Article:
This source is the bill that included the funding of over $1.3 billion for Plan Colombia. One of the most interesting elements of the text of the bill is all the safeguards in place to avoid human rights abuses. For instance, the bill required that the Colombian Armed Forces were required to cooperate “fully with civilian authorities in investigating, prosecuting, and punishing in the civilian courts Colombian Armed Forces personnel who are credibly alleged to have committed gross violations of human rights”. They also require that spraying will not be approved for funding until the Surgeon General reported that it was safe. Now, the military still committed human rights violations and aerial fumigation did happen, but it is interesting to see that some who were involved in the bill tried to add measures that prevented abuses but the funding still went to airplanes that assisted with aerial fumigation and that was what the effects of the bill really were in the end.
GENERAL PROVISIONS--THIS CHAPTER Sec. 6101. Conditions on Assistance for Colombia. (a) Conditions.-- (1) Certification required.--Assistance provided under this heading may be made available for Colombia in fiscal years 2000 and 2001 only if the Secretary of State certifies to the appropriate congressional committees prior to the initial obligation of such assistance in each such fiscal year, that-- (A)(i) the President of Colombia has directed in writing that Colombian Armed Forces personnel who are credibly alleged to have committed gross violations of human rights will be brought to justice in Colombia's civilian courts, in accordance with the 1997 ruling of Colombia's Constitutional court regarding civilian court jurisdiction in human rights cases; and (ii) the Commander General of the Colombian Armed Forces is promptly suspending from duty any Colombian Armed Forces personnel who are credibly alleged to have committed gross violations of human rights or to have aided or abetted paramilitary groups; and (iii) the Colombian Armed Forces and its Commander General are fully complying with (A)(i) and (ii); and (B) the Colombian Armed Forces are cooperating fully with civilian authorities in investigating, prosecuting, and punishing in the civilian courts Colombian Armed Forces personnel who are credibly alleged to have committed gross violations of human rights; and (C) the Government of Colombia is vigorously prosecuting in the civilian courts the leaders and members of paramilitary groups and Colombian Armed Forces personnel who are aiding or abetting these groups. (2) Consultative process.--The Secretary of State shall consult with internationally recognized human rights organizations regarding the Government of Colombia's progress in meeting the conditions contained in paragraph (1), prior to issuing the certification required under paragraph (1). (3) Application of existing laws.--The same restrictions contained in section 564 of the Foreign Operations, Export Financing, and Related Programs Appropriations Act, 2000 (Public Law 106-113) and section 8098 of the Department of Defense Appropriations Act, 2000 (Public Law 106-79) shall apply to the availability of funds under this heading. (b) Definitions.--In this section: (1) Aiding or abetting.--The term ``aiding or abetting'' means direct and indirect support to paramilitary groups, including conspiracy to allow, facilitate, or promote the activities of paramilitary groups. (2) Appropriate congressional committees.--The term ``appropriate congressional committees'' means the Committee on Appropriations and the Committee on Foreign Relations of the Senate and the Committee on Appropriations and the Committee on International Relations of the House of Representatives. (3) Paramilitary groups.--The term ``paramilitary groups'' means illegal self-defense groups and security cooperatives. (4) Assistance.--The term ``assistance'' means assistance appropriated under this heading for fiscal years 2000 and 2001, and provided under the following provisions of law: (A) Section 1004 of the National Defense Authorization Act for Fiscal Year 1991 (Public Law 101- 510; relating to counter-drug assistance). (B) Section 1033 of the National Defense Authorization Act for Fiscal Year 1998 (Public Law 105- 85; relating to counter-drug assistance to Colombia and Peru). (C) Section 23 of the Arms Export Control Act (Public Law 90-629); relating to credit sales. (D) Section 481 of the Foreign Assistance Act of 1961 (Public Law 87-195; relating to international narcotics control). (E) Section 506 of the Foreign Assistance Act of 1961 (Public Law 87-195; relating to emergency drawdown authority).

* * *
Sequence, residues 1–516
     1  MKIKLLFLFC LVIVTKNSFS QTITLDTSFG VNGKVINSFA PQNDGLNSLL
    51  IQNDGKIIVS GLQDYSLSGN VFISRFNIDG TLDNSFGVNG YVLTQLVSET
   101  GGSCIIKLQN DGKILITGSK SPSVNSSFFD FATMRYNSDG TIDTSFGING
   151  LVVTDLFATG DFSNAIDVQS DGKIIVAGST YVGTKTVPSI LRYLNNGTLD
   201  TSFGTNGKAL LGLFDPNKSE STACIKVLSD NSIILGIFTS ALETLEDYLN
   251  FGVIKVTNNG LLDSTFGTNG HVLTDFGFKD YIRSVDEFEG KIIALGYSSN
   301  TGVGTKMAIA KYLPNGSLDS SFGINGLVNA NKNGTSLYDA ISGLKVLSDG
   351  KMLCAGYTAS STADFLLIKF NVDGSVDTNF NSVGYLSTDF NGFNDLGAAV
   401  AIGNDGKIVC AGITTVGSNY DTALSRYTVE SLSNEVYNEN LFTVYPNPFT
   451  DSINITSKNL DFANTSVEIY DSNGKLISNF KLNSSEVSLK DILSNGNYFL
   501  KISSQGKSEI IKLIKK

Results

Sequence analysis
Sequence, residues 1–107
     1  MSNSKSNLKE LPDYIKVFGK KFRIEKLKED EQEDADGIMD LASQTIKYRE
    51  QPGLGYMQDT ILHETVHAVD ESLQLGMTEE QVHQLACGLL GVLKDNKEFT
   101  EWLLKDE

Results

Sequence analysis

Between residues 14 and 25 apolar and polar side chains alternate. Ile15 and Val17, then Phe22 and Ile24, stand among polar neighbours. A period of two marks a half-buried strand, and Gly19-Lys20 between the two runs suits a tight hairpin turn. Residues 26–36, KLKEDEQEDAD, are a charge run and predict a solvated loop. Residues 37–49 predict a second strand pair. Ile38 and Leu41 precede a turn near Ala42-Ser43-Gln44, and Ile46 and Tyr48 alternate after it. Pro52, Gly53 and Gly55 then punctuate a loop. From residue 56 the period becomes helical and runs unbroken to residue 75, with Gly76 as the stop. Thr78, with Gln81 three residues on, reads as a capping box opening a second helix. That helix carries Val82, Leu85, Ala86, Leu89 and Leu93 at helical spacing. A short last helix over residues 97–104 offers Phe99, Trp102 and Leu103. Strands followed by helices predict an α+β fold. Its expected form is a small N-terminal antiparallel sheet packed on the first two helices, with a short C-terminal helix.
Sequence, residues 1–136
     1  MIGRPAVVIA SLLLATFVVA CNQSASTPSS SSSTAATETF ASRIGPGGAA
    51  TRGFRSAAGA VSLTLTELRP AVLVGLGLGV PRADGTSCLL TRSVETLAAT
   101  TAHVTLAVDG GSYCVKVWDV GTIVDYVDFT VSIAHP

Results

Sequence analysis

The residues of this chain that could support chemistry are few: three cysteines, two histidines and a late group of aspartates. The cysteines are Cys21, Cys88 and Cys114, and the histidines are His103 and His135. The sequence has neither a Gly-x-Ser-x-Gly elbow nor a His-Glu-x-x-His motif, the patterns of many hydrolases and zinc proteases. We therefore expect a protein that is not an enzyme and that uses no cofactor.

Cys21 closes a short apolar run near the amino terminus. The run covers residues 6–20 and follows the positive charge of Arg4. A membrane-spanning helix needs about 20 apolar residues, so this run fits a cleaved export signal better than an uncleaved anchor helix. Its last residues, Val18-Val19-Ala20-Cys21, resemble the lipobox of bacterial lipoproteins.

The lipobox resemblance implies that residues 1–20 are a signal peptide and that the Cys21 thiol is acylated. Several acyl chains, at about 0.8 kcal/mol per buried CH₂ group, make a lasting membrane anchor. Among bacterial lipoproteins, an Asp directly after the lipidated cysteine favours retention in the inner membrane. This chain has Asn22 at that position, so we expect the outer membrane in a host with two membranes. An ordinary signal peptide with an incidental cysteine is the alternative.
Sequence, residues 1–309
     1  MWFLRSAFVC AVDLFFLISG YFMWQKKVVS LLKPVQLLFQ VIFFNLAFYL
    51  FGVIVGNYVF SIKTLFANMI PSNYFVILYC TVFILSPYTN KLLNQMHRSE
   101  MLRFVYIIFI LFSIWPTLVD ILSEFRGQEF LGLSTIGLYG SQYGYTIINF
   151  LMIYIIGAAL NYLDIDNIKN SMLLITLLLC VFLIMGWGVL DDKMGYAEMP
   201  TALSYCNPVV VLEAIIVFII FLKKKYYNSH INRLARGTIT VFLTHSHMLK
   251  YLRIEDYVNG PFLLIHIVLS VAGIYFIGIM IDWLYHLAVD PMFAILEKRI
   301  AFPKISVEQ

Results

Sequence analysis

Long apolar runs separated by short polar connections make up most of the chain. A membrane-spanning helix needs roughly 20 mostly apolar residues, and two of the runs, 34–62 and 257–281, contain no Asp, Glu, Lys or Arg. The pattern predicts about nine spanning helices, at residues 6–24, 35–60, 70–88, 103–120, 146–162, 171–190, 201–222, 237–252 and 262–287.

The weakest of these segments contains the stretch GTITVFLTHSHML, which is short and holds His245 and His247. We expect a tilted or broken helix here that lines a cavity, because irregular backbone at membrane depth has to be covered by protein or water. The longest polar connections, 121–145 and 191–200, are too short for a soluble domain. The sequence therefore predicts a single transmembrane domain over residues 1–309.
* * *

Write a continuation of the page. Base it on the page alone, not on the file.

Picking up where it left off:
U.S. Congress, Senate, Foreign Operations, Export Financing, and Related Programs Appropriations Act, 2001, S.2522, 106th Cong., 2nd Sess. https://www.congress.gov/bill/106th-congress/senate-bill/2522?q=%7B%22search%22%3A%5B%22colombia%22%5D%7D